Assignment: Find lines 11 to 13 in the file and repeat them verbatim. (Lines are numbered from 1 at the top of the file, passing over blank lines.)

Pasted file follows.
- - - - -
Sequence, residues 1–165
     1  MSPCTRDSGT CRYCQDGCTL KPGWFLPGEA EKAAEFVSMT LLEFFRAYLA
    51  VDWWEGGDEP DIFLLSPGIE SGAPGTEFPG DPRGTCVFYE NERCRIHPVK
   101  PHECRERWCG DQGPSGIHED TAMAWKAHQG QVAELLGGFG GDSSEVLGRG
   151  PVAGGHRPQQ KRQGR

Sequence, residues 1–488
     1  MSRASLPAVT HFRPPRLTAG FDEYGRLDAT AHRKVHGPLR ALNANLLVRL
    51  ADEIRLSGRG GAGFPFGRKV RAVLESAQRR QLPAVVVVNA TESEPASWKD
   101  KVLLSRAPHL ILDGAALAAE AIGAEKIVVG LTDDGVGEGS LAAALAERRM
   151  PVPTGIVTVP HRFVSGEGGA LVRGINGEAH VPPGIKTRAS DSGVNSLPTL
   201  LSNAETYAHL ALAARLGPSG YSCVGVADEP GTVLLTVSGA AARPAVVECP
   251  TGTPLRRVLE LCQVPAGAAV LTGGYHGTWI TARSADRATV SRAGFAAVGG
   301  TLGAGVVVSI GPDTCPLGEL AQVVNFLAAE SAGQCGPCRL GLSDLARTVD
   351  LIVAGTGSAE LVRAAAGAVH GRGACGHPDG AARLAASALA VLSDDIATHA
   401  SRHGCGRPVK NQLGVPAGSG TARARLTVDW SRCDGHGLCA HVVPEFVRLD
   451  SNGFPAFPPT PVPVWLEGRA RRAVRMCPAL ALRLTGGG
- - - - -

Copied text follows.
   201  LSNAETYAHL ALAARLGPSG YSCVGVADEP GTVLLTVSGA AARPAVVECP
   251  TGTPLRRVLE LCQVPAGAAV LTGGYHGTWI TARSADRATV SRAGFAAVGG
   301  TLGAGVVVSI GPDTCPLGEL AQVVNFLAAE SAGQCGPCRL GLSDLARTVD